Originally introduced in 1937, the Chevrolet Suburban marks one of the longest-standing models in the history of the U.S. automotive industry. In the vehicle’s more than 70-year history, the full-size Suburban has been a mainstay for big families looking for passenger space and utility. Receiving a drastic redesign the previous year, the 2008 Chevrolet Suburban shows an impressive modern take on the model, with an attractive, well-built interior; good drivability; and a powerful line of V-8 engines.
The 2008 Chevrolet Suburban classifies as a full-size SUV that comes in two versions: the half-ton 1500 and the three-quarter-ton 2500. Additionally, both models offer three trim levels: LS, LT, and LTZ.
Even the base LS comes fairly well-equipped with features that include a 40/20/40 front split bench seat, side assist steps, power accessories, dual-zone climate control, rear air conditioning, a trip computer, and an audio system that’s equipped with a CD and MP3 player.
The more luxurious LT version is equipped with front bucket seats, a center console, foglamps, color-keyed exterior trim and audio controls mounted on the steering wheel. There are also three major equipment groups available for the LT: the LT2, LT3 and top-of-the-line LTZ.
Body Styles: full-size SUV
Engines: 5.3-liter V-8, 6.0-liter V-8
Transmissions: four-speed automatic, six-speed automatic
Models: Chevrolet Suburban LS, Chevrolet Suburban LT, Chevrolet Suburban LTZ
Having been completely redesigned in 2007, the Chevrolet Suburban undergoes few changes for 2008. These include the addition of side-curtain airbags on all models and the option of OnStar turn-by-turn navigation on the LT and LTZ. A six-speed automatic transmission and stability control debut for the three-quarter-ton Suburban 2500.
The 2008 Chevrolet Suburban features a traditional body-on-frame truck chassis on which sits its aerodynamic and handsome exterior. Massive in size, the 2008 Suburban boasts clean, flowing lines; a square-jawed front end; and a decidedly contemporary feel.
Interior material quality for the 2008 Chevy Suburban is good and the Suburban’s controls look sensibly laid-out. Cargo and passenger capacity for the Suburban seem immense. When properly set up, the 2008 Suburban accommodates up to nine people. Maximum cargo capacity totals an impressive 137.4 cubic feet.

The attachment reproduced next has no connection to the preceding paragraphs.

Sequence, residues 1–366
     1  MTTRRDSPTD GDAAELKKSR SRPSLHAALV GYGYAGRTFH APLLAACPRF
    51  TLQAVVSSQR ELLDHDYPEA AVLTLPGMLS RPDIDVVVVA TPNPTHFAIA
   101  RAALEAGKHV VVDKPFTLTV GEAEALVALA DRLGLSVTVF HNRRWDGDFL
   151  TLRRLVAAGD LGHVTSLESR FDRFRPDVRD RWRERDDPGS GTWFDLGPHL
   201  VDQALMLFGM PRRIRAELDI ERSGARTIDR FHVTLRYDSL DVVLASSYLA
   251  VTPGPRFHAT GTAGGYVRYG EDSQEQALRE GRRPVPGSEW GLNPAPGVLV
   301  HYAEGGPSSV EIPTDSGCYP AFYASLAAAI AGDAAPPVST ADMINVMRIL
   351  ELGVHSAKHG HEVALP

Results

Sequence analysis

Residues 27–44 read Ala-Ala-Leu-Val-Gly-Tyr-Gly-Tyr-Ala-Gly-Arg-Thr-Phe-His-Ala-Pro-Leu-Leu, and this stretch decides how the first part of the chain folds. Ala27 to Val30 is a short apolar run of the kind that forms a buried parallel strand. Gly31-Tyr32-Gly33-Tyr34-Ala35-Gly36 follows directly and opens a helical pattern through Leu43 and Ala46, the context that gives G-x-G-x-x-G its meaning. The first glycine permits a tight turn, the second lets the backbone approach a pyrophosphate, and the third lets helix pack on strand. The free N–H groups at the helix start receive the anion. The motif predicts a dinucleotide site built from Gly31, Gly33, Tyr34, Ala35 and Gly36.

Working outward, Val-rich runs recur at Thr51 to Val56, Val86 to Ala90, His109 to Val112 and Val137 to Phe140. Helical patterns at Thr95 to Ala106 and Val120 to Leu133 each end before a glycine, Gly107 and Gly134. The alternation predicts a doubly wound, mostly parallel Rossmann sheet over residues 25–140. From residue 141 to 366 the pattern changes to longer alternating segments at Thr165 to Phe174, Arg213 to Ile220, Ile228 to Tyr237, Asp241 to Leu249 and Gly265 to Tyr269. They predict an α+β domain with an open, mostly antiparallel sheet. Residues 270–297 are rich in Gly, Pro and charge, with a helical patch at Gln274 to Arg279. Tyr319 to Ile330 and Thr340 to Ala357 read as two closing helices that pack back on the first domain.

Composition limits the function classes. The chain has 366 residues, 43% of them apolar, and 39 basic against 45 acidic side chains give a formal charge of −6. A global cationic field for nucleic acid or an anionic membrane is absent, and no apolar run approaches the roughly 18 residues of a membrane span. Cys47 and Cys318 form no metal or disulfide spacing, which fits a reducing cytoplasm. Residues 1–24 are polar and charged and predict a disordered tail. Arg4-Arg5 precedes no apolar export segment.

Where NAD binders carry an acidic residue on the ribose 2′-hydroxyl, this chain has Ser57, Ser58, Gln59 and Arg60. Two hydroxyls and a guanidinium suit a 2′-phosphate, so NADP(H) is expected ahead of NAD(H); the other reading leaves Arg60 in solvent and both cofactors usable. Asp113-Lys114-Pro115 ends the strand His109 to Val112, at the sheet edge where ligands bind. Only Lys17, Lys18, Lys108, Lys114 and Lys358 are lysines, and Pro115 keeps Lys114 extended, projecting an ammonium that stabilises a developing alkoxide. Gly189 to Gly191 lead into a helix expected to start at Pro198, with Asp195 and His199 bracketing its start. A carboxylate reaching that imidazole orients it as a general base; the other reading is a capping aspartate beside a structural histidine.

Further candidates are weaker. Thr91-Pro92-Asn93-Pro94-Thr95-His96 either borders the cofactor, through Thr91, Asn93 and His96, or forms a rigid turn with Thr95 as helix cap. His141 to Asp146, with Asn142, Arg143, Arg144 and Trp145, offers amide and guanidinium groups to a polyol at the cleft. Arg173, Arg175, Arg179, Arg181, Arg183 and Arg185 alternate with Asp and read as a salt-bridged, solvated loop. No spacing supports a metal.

Performance & Handling
For such a large vehicle, the 2008 Suburban moves surprisingly fast and makes 60 mph in less than nine seconds. This largely results from its beefy, 5.3-liter, V-8 engine. However, this acceleration significantly diminishes after loading the Suburban with passengers and cargo. Leaning on the gas pedal also drags the fuel economy down a bit.
Both versions of the 2008 Chevrolet Suburban prove much too heavy to take corners well. But the Suburban’s suspension makes for composed handling and a generally smooth ride.
The 1500 comes standard with a 5.3-liter V-8 that produces 320 horsepower and 340 lb-ft of torque. However, opting for the higher LT or LTZ trim allows the option of a six-liter V-8 that generates 366 horsepower and produces 380 lb-ft of torque. Both engine choices for the 1500 match with a four-speed automatic transmission.
The heavier 2500 also comes equipped with a six-liter V-8 that produces 352 horsepower and 383 lb-ft of torque. That engine pairs with a six-speed automatic transmission.
Rear or four-wheel drive remains available for all versions of the 2008 Chevrolet Suburban.
Standard safety features for all versions of the 2008 Chevrolet Suburban include four-wheel anti-lock disc brakes, stability control, and GM’s OnStar emergency communications system. The LT and LTZ feature turn-by-turn navigation. Another standard feature for all versions of the 2008 Suburban, a three-row side-curtain airbag system with a rollover sensor, improves protection for all occupants. The 2008 Suburban receives five out of five stars in government crash tests for frontal collisions.
EPA Fuel Economy
Chevrolet Suburban: 14/19 mpg city/highway
- Great family vehicle, especially for long trips
- Quiet ride
- Absorbs irregularities in the road
- Surprisingly good acceleration
- Slightly better fuel economy than similar vehicles
You Won't Like
- Maximizing cargo space requires removing the third-row seat
- Very heavy third-row seat proves difficult to remove
Massive space and towing ability, along with a quiet and comfortable ride.
If You Like This Vehicle
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